The bottom-up method begins with an assessment of which resources you’ll need to complete the project, and how long you’ll need them. How many director hours, architect or engineer hours, CAD technician hours, etc., will it take? You then add all those resource hours together to arrive at your total estimated price for the work. Some engineering firms do this with drawing estimates (they use an average fee per drawing, then multiply that by the number of drawings required for the project). Whichever method is used, the principle is the same – bottom-up costing.

“It’s about being able to test it both ways” says Yeates. “If you’ve got your top-down number you need to make sure there’s enough money to cover the hours required for the director/ project manager/ CAD tech etc. If you’re doing it from the bottom up, you need to be able to verify that end figure against historical fees or industry standard costs.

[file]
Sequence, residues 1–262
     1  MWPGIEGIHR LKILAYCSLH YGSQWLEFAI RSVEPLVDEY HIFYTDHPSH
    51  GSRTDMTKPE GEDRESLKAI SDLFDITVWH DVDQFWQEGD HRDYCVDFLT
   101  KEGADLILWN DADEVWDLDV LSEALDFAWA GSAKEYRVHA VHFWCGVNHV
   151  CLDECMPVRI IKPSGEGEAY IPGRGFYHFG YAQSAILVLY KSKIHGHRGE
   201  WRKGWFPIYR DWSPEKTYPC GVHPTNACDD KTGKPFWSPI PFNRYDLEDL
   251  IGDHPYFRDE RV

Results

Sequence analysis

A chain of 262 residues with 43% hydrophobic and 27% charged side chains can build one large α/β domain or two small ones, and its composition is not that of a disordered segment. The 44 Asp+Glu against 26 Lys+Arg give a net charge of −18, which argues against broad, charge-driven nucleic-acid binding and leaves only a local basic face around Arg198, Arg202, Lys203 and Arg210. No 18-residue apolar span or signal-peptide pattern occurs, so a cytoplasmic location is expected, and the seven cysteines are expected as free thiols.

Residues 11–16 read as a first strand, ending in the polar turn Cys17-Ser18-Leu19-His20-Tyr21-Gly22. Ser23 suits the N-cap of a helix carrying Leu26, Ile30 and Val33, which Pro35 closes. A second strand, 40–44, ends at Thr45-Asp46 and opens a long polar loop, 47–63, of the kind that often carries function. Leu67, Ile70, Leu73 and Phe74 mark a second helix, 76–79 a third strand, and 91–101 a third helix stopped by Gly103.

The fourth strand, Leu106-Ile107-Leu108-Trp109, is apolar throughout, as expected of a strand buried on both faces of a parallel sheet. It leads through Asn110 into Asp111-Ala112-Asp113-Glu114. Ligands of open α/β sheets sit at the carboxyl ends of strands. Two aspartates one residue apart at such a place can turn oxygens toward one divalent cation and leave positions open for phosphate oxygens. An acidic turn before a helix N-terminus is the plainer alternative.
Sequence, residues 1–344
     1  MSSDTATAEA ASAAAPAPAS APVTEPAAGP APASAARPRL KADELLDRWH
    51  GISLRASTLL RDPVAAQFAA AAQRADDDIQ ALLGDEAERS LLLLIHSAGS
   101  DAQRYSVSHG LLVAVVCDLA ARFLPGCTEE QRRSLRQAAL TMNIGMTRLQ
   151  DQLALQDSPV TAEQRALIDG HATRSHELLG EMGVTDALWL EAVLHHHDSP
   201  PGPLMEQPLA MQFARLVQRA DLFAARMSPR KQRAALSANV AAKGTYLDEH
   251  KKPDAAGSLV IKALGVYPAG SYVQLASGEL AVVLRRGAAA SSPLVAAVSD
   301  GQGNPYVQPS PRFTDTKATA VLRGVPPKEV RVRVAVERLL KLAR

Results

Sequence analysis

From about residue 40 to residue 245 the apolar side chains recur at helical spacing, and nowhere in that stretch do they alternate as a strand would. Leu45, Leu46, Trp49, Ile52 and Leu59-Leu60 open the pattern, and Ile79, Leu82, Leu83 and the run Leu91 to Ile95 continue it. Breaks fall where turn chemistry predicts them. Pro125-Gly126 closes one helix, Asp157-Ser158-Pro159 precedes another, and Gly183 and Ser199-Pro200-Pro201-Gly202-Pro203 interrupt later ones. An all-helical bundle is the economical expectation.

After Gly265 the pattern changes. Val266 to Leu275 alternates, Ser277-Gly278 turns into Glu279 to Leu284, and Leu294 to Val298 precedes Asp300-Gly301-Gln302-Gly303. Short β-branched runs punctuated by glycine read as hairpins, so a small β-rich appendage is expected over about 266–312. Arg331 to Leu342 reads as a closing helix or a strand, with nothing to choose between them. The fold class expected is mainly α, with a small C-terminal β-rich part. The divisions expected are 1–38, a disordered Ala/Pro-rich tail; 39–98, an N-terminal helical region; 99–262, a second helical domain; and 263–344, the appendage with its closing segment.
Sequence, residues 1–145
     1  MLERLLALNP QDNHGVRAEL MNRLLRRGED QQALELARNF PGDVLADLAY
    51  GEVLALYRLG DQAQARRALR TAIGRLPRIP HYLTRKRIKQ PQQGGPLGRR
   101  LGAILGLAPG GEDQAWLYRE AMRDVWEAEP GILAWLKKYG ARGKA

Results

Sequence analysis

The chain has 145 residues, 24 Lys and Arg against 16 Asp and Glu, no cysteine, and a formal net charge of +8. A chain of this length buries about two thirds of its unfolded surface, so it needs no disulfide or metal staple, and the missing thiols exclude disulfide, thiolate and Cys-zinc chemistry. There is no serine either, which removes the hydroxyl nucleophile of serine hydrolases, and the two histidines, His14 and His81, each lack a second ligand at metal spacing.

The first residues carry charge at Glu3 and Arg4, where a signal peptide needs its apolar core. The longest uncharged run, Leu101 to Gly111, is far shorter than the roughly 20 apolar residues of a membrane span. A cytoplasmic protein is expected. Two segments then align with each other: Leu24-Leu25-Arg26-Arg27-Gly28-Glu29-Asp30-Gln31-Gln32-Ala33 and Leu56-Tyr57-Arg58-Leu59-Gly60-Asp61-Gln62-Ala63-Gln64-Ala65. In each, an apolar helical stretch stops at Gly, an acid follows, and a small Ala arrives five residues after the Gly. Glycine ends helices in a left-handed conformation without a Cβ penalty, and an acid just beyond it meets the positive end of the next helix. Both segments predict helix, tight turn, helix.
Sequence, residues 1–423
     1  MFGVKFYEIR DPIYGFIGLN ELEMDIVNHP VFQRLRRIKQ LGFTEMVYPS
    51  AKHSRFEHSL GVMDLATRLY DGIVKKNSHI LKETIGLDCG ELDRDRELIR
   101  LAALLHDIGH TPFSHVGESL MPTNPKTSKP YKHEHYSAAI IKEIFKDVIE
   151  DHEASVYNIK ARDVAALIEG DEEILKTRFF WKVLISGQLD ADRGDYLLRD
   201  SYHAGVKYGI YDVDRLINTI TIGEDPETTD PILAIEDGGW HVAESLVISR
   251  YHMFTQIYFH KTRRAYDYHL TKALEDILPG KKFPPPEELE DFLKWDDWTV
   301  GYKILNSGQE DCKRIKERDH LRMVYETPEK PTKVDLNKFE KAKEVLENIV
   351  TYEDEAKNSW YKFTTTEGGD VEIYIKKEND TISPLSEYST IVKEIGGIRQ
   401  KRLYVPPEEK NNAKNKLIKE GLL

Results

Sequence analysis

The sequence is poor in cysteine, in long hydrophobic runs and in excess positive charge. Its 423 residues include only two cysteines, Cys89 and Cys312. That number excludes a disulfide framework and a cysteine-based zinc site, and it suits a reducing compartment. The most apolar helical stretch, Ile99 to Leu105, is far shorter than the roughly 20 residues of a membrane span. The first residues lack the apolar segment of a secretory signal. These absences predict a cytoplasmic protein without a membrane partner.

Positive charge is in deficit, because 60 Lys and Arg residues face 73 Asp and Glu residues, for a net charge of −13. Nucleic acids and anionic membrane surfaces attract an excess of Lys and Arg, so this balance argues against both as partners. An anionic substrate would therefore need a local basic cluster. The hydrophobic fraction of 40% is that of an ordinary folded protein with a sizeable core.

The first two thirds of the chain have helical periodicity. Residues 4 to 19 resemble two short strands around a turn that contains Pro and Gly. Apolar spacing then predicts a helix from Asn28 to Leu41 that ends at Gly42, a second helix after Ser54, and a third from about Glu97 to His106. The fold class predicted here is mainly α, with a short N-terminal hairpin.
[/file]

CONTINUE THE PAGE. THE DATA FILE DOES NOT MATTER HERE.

“The risk with only bottom-up is that you overprice your fee submission and the risk of only doing it top-down is that you run out of resources way too early.”

How to write an accurate fee proposal – recap

Yeates says, “Getting your fees right in your fee proposal is ultimately your best guess – it’s a plan.” The way to keep that guess reasonable and as accurate as possible is to know that you’ve covered:

1. Your costs

2. Your overheads

3. Your profit

4. Testing your numbers both top-down and bottom-up

The easiest way to make sure your figures reflect your actual costs is always going to be having all your business and project accounting and management data in the one spot, in one software system. What Yeates refers to as ‘a single point of truth’.

“You want all your raw costs, your profit, and overheads all packaged up beautifully and standardised so that the backend detail remains confidential, and your fee proposal accuracy is as close as possible,” concludes Yeates.